|SSHD(8)||System Manager's Manual||SSHD(8)|
sshd(OpenSSH Daemon) is the daemon program for ssh(1). Together these programs replace rlogin and rsh, and provide secure encrypted communications between two untrusted hosts over an insecure network.
sshdlistens for connections from clients. It is normally started at boot from /etc/rc. It forks a new daemon for each incoming connection. The forked daemons handle key exchange, encryption, authentication, command execution, and data exchange.
sshdcan be configured using command-line options or a configuration file (by default sshd_config(5)); command-line options override values specified in the configuration file.
sshdrereads its configuration file when it receives a hangup signal,
SIGHUP, by executing itself with the name and options it was started with, e.g. /usr/sbin/sshd. The options are as follows:
sshdto use IPv4 addresses only.
sshdto use IPv6 addresses only.
-Textended test mode. If provided, any
Matchdirectives in the configuration file that would apply are applied before the configuration is written to standard output. The connection parameters are supplied as keyword=value pairs and may be supplied in any order, either with multiple
-Coptions or as a comma-separated list. The keywords are “addr,” “user”, “host”, “laddr”, “lport”, and “rdomain” and correspond to source address, user, resolved source host name, local address, local port number and routing domain respectively.
sshdduring key exchange. The certificate file must match a host key file specified using the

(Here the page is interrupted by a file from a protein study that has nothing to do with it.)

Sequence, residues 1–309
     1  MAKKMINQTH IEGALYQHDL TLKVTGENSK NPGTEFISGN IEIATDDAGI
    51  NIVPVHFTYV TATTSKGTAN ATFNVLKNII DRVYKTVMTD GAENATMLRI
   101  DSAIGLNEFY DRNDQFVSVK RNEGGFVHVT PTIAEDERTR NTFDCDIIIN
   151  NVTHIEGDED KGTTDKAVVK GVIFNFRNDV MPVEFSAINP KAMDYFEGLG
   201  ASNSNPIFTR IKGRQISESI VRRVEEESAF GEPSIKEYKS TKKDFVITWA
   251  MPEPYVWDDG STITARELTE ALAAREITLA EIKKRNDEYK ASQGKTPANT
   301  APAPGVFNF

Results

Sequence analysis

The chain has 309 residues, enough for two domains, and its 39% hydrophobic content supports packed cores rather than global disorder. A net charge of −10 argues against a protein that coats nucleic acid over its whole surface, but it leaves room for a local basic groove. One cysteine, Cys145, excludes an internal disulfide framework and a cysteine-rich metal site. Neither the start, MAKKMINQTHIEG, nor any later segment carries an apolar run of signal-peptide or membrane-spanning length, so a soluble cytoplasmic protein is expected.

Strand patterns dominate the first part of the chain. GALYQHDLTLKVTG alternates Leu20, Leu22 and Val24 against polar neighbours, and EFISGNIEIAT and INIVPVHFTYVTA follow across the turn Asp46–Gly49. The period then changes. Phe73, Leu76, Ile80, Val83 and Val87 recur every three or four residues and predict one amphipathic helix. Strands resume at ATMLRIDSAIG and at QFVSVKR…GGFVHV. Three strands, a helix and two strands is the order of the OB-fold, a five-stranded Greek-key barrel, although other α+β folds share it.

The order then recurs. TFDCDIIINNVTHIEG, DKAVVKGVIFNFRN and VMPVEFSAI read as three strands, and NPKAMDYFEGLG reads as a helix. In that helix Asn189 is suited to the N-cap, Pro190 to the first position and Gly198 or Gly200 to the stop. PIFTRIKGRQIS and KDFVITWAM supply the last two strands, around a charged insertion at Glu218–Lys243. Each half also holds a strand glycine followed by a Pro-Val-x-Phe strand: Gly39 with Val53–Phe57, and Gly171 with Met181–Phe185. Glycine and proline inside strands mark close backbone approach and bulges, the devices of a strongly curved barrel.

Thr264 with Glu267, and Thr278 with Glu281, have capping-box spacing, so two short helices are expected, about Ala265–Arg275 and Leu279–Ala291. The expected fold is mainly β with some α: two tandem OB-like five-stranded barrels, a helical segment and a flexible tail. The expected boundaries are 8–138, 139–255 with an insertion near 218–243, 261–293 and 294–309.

-hoption or the
sshdwill not detach and does not become a daemon. This allows easy monitoring of
-doptions increase the debugging level. Maximum is 3.
sshdrefuses to start if there is no configuration file.
sshdis not run as root (as the normal host key files are normally not readable by anyone but root). The default is /etc/ssh/ssh_host_ecdsa_key, /etc/ssh/ssh_host_ed25519_key and /etc/ssh/ssh_host_rsa_key. It is possible to have multiple host key files for the different host key algorithms.
sshdis being run from inetd(8).
Portoption are ignored when a command-line port is specified. Ports specified using the
ListenAddressoption override command-line ports.
Matchrules may be applied by specifying the connection parameters using one or more
sshdreliably as configuration options may change.
utmpstructure that holds the remote host name. If the resolved host name is longer than len, the dotted decimal value will be used instead. This allows hosts with very long host names that overflow this field to still be uniquely identified. Specifying
-u0indicates that only dotted decimal addresses should be put into the utmp file.
-u0may also be used to prevent
sshdfrom making DNS requests unless the authentication mechanism or configuration requires it. Authentication mechanisms that may require DNS include
HostbasedAuthenticationand using a
from="pattern-list"option in a key file. Configuration options that require DNS include using a USER@HOST pattern in
sshddoes the following:
PermitUserEnvironmentoption in sshd_config(5).
PermitUserRCoption is set, runs it; else if /etc/ssh/sshrc exists, runs it; otherwise runs xauth. The “rc” files are given the X11 authentication protocol and cookie in standard input. See SSHRC, below.
DISPLAYin its environment). The script must call xauth(1) because
sshdwill not run xauth automatically to add X11 cookies. The primary purpose of this file is to run any initialization routines which may be needed before the user's home directory becomes accessible; AFS is a particular example of such an environment. This file will probably contain some initialization code followed by something similar to:
if read proto cookie && [ -n "$DISPLAY" ]; then if [ `echo $DISPLAY | cut -c1-10` = 'localhost:' ]; then # X11UseLocalhost=yes echo add unix:`echo $DISPLAY | cut -c11-` $proto $cookie else # X11UseLocalhost=no echo add $DISPLAY $proto $cookie fi | xauth -q - fi
AuthorizedKeysFilespecifies the files containing public keys for public key authentication; if this option is not specified, the default is ~/.ssh/authorized_keys and ~/.ssh/authorized_keys2. Each line of the file contains one key (empty lines and lines starting with a ‘